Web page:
Skagit County residents have filed more than 20,000 first-time claims for unemployment benefits since March, with job losses in the thousands in food service, retail, construction, manufacturing, and personal care and services, according to data from the state Employment Security Department (ESD).
“Devastating is the only word I can think of,” said John Sternlicht, CEO of the Economic Development Alliance of Skagit County (EDASC).
Job losses stacked up as restaurants and non-essential retail were shut down, and events and festivals canceled, during the COVID-19 pandemic. Sternlicht said there are also many indirect impacts felt in essential industries.
Hospitals are facing budget crises after cutting non-essential procedures to prepare for an influx of COVID-19 patients. Farmers and farmworkers are hurting due to an upheaval in the supply chain and a collapse in markets for products such as fresh-cut flowers.
Sternlicht said the government sector will feel a blow in lost tax revenue from falling retail sales.
“It’s really getting hit on so many different levels,” he said. “Whereas a recession might be more limited, this is worldwide and includes more sectors.”
Sternlicht said he anticipates employment will slowly increase as more businesses reopen. But don’t expect a return to normal.
“If you’re a restaurant or barbershop — which is only able to operate in the next upcoming phase at half capacity — you’re not going to be at what you were (before the pandemic),” he said.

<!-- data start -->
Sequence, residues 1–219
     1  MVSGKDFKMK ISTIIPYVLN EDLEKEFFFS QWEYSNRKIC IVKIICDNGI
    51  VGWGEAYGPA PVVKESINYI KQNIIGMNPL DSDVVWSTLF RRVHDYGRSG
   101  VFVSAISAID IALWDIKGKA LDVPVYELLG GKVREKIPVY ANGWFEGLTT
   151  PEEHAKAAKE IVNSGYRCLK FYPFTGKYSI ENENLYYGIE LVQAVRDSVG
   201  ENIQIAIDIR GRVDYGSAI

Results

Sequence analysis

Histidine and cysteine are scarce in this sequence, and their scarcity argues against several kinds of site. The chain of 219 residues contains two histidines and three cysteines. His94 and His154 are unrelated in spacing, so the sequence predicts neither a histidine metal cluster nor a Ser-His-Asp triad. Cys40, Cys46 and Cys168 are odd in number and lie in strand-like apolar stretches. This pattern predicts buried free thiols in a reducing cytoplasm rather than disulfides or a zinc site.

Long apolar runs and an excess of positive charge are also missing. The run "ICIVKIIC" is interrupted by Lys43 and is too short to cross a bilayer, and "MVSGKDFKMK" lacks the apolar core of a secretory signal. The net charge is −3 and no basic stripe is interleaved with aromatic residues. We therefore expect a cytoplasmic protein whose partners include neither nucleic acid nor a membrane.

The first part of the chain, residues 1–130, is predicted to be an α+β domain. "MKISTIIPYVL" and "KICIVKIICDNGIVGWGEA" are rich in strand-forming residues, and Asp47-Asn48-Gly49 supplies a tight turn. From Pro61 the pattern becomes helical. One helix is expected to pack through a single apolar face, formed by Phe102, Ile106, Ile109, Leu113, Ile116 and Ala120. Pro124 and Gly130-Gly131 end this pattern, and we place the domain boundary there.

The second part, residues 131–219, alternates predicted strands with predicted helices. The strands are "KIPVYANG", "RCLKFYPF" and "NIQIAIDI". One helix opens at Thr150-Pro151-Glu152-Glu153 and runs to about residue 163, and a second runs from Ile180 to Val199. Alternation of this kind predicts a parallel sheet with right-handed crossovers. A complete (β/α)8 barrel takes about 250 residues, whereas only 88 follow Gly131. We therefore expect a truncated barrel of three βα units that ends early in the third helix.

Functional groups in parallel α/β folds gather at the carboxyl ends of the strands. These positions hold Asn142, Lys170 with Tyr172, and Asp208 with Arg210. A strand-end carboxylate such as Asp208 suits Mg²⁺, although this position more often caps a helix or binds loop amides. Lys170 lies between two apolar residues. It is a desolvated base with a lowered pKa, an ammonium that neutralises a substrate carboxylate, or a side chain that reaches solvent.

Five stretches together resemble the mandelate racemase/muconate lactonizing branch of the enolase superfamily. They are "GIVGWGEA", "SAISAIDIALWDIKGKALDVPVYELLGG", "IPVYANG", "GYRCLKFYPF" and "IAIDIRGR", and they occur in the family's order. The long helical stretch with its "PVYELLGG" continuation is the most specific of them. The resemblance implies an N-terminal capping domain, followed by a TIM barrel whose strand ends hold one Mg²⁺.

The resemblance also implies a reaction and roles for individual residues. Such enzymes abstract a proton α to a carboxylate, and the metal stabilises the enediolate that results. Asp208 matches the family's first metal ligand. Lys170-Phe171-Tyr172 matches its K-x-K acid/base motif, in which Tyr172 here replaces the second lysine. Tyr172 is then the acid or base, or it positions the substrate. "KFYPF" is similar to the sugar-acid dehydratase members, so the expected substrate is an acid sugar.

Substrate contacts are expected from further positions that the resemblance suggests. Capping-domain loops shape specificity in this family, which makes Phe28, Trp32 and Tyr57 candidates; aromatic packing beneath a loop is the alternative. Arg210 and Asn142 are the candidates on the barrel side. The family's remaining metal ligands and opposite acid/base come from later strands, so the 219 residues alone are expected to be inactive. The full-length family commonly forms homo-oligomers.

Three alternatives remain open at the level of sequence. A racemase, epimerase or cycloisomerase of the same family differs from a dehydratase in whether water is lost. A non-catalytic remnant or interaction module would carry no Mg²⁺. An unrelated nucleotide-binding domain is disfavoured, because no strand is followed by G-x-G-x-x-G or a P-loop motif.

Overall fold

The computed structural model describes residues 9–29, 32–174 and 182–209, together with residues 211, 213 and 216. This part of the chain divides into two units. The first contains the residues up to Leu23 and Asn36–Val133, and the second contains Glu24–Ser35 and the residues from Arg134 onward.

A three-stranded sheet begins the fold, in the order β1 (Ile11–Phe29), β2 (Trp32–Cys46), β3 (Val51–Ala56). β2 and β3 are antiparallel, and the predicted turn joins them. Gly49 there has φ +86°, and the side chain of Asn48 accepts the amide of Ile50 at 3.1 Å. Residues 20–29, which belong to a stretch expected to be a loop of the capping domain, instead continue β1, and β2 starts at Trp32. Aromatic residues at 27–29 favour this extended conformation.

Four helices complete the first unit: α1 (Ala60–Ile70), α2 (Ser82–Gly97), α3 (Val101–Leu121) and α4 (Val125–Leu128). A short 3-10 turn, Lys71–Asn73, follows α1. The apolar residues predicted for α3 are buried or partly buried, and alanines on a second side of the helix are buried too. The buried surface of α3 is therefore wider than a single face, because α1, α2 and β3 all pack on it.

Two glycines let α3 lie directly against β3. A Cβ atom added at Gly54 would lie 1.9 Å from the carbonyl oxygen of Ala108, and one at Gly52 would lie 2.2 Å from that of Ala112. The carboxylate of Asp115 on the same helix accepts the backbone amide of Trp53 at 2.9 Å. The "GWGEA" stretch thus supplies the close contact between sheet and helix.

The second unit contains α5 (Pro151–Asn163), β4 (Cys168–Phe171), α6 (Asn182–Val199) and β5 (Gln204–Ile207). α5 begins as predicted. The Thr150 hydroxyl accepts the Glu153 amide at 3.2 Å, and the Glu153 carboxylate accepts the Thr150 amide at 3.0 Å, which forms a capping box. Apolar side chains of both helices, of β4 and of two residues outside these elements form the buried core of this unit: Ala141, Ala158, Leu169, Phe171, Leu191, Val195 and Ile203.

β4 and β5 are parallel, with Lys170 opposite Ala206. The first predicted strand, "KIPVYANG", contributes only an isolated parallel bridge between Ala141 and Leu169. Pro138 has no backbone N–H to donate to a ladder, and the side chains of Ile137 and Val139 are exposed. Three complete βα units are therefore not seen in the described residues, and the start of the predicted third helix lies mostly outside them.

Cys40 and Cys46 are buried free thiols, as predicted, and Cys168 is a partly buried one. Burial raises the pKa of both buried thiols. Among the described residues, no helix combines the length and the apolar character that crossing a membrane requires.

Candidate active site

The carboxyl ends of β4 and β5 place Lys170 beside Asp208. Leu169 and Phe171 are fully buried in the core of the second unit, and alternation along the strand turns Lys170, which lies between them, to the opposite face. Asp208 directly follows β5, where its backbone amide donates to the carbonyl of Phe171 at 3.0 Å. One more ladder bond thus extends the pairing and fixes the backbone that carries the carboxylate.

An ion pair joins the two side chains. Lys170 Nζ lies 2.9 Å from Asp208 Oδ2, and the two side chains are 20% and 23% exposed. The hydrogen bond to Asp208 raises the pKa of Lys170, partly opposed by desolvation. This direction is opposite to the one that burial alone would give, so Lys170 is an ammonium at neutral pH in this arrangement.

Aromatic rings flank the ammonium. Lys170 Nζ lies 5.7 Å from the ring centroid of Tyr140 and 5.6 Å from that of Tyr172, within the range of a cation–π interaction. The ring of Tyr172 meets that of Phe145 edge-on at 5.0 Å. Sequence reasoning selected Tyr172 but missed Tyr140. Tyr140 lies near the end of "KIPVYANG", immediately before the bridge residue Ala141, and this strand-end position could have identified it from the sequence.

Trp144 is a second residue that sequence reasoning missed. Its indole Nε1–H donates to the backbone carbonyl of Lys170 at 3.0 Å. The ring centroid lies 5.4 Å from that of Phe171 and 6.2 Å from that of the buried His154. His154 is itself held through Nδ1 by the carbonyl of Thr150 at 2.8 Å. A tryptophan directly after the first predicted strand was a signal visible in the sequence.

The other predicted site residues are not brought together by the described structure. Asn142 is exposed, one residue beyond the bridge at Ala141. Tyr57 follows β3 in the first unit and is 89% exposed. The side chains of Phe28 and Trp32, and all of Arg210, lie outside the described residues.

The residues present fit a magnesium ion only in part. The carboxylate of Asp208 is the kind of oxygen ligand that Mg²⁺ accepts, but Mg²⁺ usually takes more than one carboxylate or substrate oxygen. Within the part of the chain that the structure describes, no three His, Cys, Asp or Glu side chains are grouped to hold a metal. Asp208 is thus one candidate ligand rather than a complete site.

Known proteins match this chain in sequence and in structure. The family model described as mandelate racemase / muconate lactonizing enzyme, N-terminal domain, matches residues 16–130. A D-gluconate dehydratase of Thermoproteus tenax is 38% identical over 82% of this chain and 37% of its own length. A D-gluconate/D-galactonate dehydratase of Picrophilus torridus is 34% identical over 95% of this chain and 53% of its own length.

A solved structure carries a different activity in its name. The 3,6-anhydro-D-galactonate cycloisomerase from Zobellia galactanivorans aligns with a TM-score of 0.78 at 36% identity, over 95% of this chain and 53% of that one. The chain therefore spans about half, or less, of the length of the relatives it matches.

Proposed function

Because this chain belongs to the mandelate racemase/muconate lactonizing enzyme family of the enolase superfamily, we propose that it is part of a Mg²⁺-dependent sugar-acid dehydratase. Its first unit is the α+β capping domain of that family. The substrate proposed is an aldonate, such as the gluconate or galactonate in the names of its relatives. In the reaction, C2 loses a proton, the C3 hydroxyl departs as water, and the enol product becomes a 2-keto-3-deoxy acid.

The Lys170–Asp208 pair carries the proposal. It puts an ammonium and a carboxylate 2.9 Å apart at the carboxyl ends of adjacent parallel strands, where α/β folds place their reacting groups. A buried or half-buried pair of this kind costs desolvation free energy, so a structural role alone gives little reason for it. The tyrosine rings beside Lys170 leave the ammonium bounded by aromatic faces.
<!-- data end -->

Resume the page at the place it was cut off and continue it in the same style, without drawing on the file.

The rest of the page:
Sternlicht said EDASC is working with Skagit County to prepare an economic recovery plan.
Anneliese Vance-Sherman, regional labor economist for the ESD, said tourism-reliant counties — such as Skagit and others bordering saltwater — have been hardest hit during the pandemic.
The manufacturing sector is also hurting. Vance-Sherman said as Boeing and other aircraft manufacturers slowed down production due to falling demand for air travel, it affected other businesses in the supply chain.
The pandemic is affecting some workers more than others.
“(Workers) in leisure and hospitality — who have some of the least ability to work from home — and therefore are more likely to be unemployed, and have lower benefits and access to paid leave,” Vance-Sherman said during an economic update at a virtual Port of Anacortes Commission meeting Thursday.
First-time unemployment claims from March 8 to May 9 in Skagit County accounted for 26% of the county’s labor force, Vance-Sherman said during the update.
Out of the state’s 39 counties, Skagit ranked sixth by percentage of first-time unemployment claims as a percentage of the labor force, according to the presentation.
Vance-Sherman said this figure helps show the magnitude of unemployment, though it is not the unemployment rate.
The ESD is set to release the county’s April unemployment rate — along with job losses by sector — on Tuesday.
The state lost 527,000 jobs in April, and the unemployment rate was 15.4%, according to the ESD. The state’s unemployment rate in March was 5.1%.
Vance-Sherman said the highest unemployment rate during the Great Recession that ran from December 2007 to June 2009 was just over 10%.
She said the current economic downturn is in a category of its own, akin to a natural or man-made disaster.
“(It was) extremely swift and extremely harsh,” she said.
She said it’s unlikely there will be a quick recovery of the economy — especially the longer businesses are shut down.
Vance-Sherman said she expects businesses to find long-term adaptations, and turn more to automation, as face-to-face human contact becomes a liability.